Those who had familiarized themselves with Credential Guard in Windows 10 prior to the Anniversary, i.e. version 1607, Update may have found that the ways to enable and configuring the feature seem have changed sine the release. Indeed, there are a few discrepancies in UI and hence operations between 1607 and 1511. And they are for the better actually. It is now easier and simpler to assess the readiness and configure Credential Guard.
For those who are new to Device Guard and Credential Guard, it is important to have some technical background and knowledge of specific hardware and software requirements. So when it comes to hardware or software refresh, you can plan accordingly. Here is a must read documentation, Protect derived domain credentials with Credential Guard. And do take time to survey and inventory your environment, if not already. Assess what you have and how devices are being used, and identify business needs and candidates for employing Credential Guard. Do set up a sandbox environment to test the settings and make sure you have established recoverability before approaching to your production devices.
Going forward, to assess and configure Credential Guard, just:
- Download and extract Device Guard and Credential Guard hardware readiness tool. This tool is designed to work with high accuracy on Windows 10, version 1607, in addition will also work on Windows 10, versions 1507 and 1511.
- In an admin command prompt, run the tool with an intended switch/parameter as explained in the readme file. By default, a log is created at C:\DGLogs.
The following is a sample session where I ran the tool in an admin command prompt with a “–ready” switch to assess the readiness of the local system for Device Guard/Credential Guard. I however had to first relax the PowerShell execution policy to “unrestricted” for the tool which is not digitally signed to run under my device’s current script execution policy set to “RemoteSigned.”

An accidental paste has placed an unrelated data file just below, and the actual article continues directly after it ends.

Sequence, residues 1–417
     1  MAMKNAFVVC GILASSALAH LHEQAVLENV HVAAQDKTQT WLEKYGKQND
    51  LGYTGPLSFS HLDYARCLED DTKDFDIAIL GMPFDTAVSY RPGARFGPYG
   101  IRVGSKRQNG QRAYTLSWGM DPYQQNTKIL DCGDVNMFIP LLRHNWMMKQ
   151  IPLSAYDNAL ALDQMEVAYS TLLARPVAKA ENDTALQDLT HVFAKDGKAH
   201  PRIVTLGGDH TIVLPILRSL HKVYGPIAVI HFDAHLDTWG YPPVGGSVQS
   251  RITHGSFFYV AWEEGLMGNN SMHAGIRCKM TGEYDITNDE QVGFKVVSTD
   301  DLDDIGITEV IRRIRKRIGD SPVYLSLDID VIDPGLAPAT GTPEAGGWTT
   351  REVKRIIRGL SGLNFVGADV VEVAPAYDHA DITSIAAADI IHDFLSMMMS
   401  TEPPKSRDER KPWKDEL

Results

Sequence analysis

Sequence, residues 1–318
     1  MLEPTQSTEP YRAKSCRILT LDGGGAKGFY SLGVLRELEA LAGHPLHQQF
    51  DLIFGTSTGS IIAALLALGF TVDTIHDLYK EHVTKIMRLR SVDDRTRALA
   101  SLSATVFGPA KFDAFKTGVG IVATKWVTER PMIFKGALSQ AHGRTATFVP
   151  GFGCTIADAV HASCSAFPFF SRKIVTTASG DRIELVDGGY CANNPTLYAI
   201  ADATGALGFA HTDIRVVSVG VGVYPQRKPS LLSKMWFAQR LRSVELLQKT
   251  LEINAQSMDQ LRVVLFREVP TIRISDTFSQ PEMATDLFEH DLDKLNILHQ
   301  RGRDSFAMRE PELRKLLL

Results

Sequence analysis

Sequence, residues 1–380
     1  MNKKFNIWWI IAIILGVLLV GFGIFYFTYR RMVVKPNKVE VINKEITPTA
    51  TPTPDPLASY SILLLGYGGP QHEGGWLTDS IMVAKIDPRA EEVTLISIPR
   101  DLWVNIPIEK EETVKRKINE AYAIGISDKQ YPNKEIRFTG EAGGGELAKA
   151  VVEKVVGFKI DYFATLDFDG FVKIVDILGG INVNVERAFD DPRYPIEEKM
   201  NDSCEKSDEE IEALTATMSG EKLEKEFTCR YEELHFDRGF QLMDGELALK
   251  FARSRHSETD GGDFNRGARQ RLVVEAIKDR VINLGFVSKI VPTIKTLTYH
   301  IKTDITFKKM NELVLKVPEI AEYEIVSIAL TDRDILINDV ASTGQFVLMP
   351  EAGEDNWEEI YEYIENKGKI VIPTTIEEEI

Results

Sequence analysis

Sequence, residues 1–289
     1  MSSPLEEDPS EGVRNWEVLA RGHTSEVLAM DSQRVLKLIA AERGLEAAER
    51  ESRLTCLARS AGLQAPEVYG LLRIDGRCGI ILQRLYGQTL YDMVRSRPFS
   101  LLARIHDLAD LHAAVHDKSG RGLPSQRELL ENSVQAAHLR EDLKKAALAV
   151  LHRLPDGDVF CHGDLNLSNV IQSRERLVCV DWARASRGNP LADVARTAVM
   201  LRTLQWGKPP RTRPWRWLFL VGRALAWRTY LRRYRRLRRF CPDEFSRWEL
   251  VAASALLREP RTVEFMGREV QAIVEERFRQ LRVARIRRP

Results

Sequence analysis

Note that the cmdlet, Set-ExecutionpPolicy, is scoped to LocalMachine as the default. Running Set-ExecutionPolicy without specifying the scope will also change the default execution policy of the local machine. To avoid inadvertently changing this security measure, a common practice is to ALWAYS run Set-ExecutionPolicy with the “-scope” parameter to explicitly and specifically define the impact of a to be introduced change in script execution policy. Here I set the scope to “process”, the execution policy was dynamically set to “Unrestricted” during the execution so the tool could run, and reset to “RemoteSigned” once having finished the process, as confirmed by the output of a following Get-ExecutionPolicy. In the sample session, my Windows 10 Enterprise device had been already configured and running Credential Guard, as indicated in the output, however my device was not configured with a Hardware Code Integrity policy which is a great feature of Device Guard, the other landmark security feature of Windows 10 Enterprise.
The same as before, once Credential Guard is properly configured, up and running, you should find in Task Manager the ‘Credential Guard’ process and ‘lsaiso.exe’ listed in the Details page as below.
And ultimately integrate this tool with your deployment and configuration management processes to assess the readiness, configure and manage Credential Guard for Windows 10 Enterprise devices in a managed environment. And that’s when no more long nights for configuring and troubleshooting a Credential Guard roll-out.